When I grabbed Pataki’s debut, The Traitor’s Wife completely by chance last year, I had no idea just how hard I would fall for this new author. Her storytelling blew me away and she took a person I knew very little about (Peggy Shippen, socialite bride of Benedict Arnold) and gave her life. Over the course of a few hundred pages, Pataki took this complete stranger and turned her into someone I not only cared about, but craved further knowledge of (and bless her for a fantastic list of research material/books compiled at the end!). So when I heard about her upcoming novel – this time taking place in the mid-1800s in the Hapsburg court – it was a no-brainer: I needed this book.

The lovely people at Howard Books are too, too good to me and they sent along a review copy my way. I received it in November, I read it in November. That right there should tell you a little something. Can an author be declared a favorite after only one book? What about two? While I don’t believe there exists a magical number for this, it’s clear Allison Pataki has carved a special place for herself in my heart and I guarantee you I will read anything she puts out!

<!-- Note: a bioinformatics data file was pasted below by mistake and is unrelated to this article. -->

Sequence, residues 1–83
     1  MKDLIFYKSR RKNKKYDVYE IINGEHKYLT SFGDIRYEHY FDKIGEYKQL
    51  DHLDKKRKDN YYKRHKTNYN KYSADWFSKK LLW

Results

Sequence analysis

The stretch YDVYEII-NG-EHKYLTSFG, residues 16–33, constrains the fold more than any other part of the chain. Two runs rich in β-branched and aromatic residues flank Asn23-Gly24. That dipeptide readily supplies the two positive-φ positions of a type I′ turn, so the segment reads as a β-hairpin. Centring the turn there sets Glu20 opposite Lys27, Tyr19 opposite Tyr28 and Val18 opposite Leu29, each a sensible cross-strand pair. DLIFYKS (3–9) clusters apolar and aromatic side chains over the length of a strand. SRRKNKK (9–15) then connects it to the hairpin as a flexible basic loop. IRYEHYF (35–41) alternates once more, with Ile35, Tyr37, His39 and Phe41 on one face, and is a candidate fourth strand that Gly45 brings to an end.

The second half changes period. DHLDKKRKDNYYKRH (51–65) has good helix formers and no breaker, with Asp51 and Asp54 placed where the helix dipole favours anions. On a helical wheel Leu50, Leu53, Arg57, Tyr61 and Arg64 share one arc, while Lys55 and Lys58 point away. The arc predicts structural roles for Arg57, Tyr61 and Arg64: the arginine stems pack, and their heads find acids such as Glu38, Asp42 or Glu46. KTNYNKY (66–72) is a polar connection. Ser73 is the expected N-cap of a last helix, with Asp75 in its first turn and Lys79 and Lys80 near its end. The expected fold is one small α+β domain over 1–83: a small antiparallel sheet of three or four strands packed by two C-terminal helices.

Rich, powerful, and young, Emperor Franz Joseph is the most eligible bachelor in the world. When word is sent to Bavaria that he seeks the hand of the eldest duchess, it certainly comes as a shock – a rather liberal approach to parenting hasn’t exactly groomed the children for life as nobility let alone royalty! Helene is a meek, pious girl and horrifically shy, so it comes as no surprise when Franz Joseph finds himself captivated by bold, opinionated Sisi. As the pair spend more time together, their favorite outing traveling the countryside on horseback, Franz’s interest deepens and he reneges on his earlier proposal – much to the dismay of his mother Sophie. Through her son, Sophie essentially rules the empire and she is not pleased to discover her choice for bride has been turned down. If only Sisi had realized just what she was getting herself into.

Still in her teens, Sisi is virtually on her own; Sophie has made her feelings clear and Franz always sides with his mother. As the once-happy marriage begins to crumble – and the longed-for heir never arrives, just daughter after daughter – the pressure takes its toll. It’s not until a trip to Hungary that Sisi receives the love and respect she’s been craving and it’s this country and these people that will play a vital role in Sisi’s life.